Head of Legco legal affairs panel plays down calls for debate of government decision not to prosecute former Hong Kong chief executive Leung Chun-ying
- Priscilla Leung says Legco members are welcome to ask questions regarding the government’s prosecution policy but no debate is necessary
- Opposition lawmakers have strongly criticised Secretary for Justice Teresa Cheng for going on holiday and not arranging to explain the decision
The head of Hong Kong’s legislature’s legal affairs panel has poured cold water on calls from lawmakers to debate the government’s decision to clear former leader Leung Chun-ying of any wrongdoing over a payment he received from an Australian firm. The city’s justice chief has come under mounting pressure to explain her decision.
The panel chairwoman Priscilla Leung Mei-fun said she was not inclined to talk on individual cases but said members could discuss prosecution policy.
She said members of the panel had previously debated whether the government should hire an outside lawyer to give independent advice for cases.
“We discussed it in the past. It is not a necessary process. At that time, we felt the justice minister and officials of the Department of Justice should shoulder responsibility. You shouldn’t outsource it for every case.”
The city’s anti-graft agency last Wednesday announced that it would take no “further investigative action” over the case surrounding Leung after receiving legal advice from the Department of Justice. But the department was questioned for not seeking independent advice from lawyers outside the government.
Secretary for Justice Teresa Cheng Yeuk-wah is on leave and has remained silent, despite Chief Executive Carrie Lam Cheng Yuet-ngor saying she believed Cheng would be willing to respond to questions over the matter. Other politicians, including Executive Council convenor Bernard Chan have also said Cheng had the responsibility to explain the decision to the public.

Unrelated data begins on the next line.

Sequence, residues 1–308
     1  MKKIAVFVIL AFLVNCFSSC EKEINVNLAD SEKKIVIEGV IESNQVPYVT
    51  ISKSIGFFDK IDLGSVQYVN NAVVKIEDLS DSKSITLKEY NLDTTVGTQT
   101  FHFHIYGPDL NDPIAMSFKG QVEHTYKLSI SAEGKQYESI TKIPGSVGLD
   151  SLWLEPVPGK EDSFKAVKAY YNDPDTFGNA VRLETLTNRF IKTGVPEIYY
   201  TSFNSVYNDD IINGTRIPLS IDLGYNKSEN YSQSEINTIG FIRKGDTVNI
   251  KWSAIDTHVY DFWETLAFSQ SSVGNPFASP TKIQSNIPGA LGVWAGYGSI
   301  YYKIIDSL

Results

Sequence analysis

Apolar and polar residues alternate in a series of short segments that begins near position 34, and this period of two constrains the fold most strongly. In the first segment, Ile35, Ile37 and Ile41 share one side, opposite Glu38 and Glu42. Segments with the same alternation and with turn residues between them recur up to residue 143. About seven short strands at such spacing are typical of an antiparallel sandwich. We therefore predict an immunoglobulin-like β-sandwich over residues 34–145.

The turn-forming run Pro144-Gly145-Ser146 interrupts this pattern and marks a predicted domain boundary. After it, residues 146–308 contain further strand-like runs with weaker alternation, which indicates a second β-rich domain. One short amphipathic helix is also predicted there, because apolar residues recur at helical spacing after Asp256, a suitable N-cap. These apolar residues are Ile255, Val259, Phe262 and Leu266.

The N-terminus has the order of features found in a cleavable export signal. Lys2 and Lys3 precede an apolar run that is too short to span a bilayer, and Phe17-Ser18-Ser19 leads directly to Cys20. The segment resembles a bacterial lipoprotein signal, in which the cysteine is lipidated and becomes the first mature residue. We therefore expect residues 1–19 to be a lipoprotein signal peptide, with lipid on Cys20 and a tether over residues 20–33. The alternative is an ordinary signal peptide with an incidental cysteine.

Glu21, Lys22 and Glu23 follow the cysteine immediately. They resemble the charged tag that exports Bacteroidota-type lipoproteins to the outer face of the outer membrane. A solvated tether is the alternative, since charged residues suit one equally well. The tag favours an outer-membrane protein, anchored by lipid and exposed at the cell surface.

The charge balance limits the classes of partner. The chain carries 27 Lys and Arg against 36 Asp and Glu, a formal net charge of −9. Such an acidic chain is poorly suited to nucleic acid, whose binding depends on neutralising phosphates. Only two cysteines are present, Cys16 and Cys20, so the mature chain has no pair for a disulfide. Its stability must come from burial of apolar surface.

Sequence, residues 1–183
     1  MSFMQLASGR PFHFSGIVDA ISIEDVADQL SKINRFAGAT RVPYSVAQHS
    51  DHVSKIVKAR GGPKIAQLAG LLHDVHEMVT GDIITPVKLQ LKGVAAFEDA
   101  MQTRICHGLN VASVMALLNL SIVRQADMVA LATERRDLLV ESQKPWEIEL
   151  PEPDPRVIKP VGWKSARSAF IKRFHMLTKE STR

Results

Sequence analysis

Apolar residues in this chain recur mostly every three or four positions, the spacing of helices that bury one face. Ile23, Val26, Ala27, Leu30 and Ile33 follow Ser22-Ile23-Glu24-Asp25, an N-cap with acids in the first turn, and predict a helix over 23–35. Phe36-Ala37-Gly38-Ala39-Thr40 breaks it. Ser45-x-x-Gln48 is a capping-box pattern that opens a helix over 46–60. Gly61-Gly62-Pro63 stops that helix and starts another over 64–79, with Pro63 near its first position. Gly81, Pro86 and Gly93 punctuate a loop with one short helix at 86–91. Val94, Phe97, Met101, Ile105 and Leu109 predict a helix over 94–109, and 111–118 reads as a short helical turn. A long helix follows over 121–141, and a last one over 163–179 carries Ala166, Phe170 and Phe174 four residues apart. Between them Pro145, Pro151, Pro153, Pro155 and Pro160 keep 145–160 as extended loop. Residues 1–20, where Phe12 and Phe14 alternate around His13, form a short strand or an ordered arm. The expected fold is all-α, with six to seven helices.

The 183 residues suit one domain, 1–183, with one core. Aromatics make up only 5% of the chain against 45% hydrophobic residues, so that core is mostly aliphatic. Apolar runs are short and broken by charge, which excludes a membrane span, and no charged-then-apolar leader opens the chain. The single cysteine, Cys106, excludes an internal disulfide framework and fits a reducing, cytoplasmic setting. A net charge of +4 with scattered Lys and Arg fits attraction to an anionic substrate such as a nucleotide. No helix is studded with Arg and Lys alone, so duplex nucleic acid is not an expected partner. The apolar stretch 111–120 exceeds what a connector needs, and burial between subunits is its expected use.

On Wednesday, three pro-democracy lawmakers are set to file a request during a meeting of the Legislative Council’s Panel on Administration of Justice and Legal Services for inviting the Department of Justice to explain why it did not institute prosecution against Leung regarding the case at a special meeting.
As to whether to invite Cheng to the Legislative Council, it would depend on the consensus among panel members, Priscilla Leung said.
Leung also said she had previously promised to find a time to discuss prosecution policy when members filed similar requests.
She added she had also tried to contact Cheng but failed.
Cheng is expected to return to work on December 27.
Democratic Party lawmaker Lam Cheuk-ting said Cheng should have prepared well before taking her holiday break.
“This is unacceptable and very irresponsible. This is such a big prosecution decision. Shouldn’t you be prepared to explain it to the public? But she went on holiday,” he said.
“I think it’s a dereliction of duty.”
Lam added that, if the Department of Justice has sufficient legal grounds, it should seize the opportunity to give an explanation to the public.
When top officials are on leave, usually another official will take up an acting role.
But due to the special duties of the justice chief, when he or she is out of Hong Kong, a law officer, either the director of public prosecution or solicitor general would be tasked with attending Legco’s meetings.
The Independent Commission Against Corruption had been investigating the HK$50 million payment from UGL to former chief executive Leung Chun-ying since 2014. Leung was the city’s leader from July 2012 to June 2017.
The controversy stemmed from a deal Leung struck following UGL’s 2011 purchase of DTZ, a property services company once listed in Britain and of which he was a director. As part of the deal, he agreed not to form or join a rival firm and to help promote the company.
Leung received part of the sum after becoming chief executive in 2012. But he did not declare it during a meeting with his de facto cabinet, the Executive Council, sparking concerns of a possible conflict of interest.